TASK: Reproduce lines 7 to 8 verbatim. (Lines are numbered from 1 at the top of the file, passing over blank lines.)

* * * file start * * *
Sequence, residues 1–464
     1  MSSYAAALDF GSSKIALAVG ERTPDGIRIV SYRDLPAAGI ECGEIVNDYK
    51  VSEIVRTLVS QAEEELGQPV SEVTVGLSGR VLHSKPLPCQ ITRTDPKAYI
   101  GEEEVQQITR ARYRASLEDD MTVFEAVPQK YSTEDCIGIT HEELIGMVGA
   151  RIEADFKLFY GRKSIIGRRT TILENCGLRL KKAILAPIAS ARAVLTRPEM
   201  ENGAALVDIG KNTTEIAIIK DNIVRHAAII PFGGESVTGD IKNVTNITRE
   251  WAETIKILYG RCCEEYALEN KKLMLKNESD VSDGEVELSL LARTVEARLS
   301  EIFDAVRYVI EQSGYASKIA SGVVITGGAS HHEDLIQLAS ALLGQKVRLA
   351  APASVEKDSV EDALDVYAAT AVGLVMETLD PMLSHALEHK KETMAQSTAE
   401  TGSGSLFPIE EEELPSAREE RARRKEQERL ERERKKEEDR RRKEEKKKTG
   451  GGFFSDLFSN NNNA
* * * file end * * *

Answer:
   251  WAETIKILYG RCCEEYALEN KKLMLKNESD VSDGEVELSL LARTVEARLS
   301  EIFDAVRYVI EQSGYASKIA SGVVITGGAS HHEDLIQLAS ALLGQKVRLA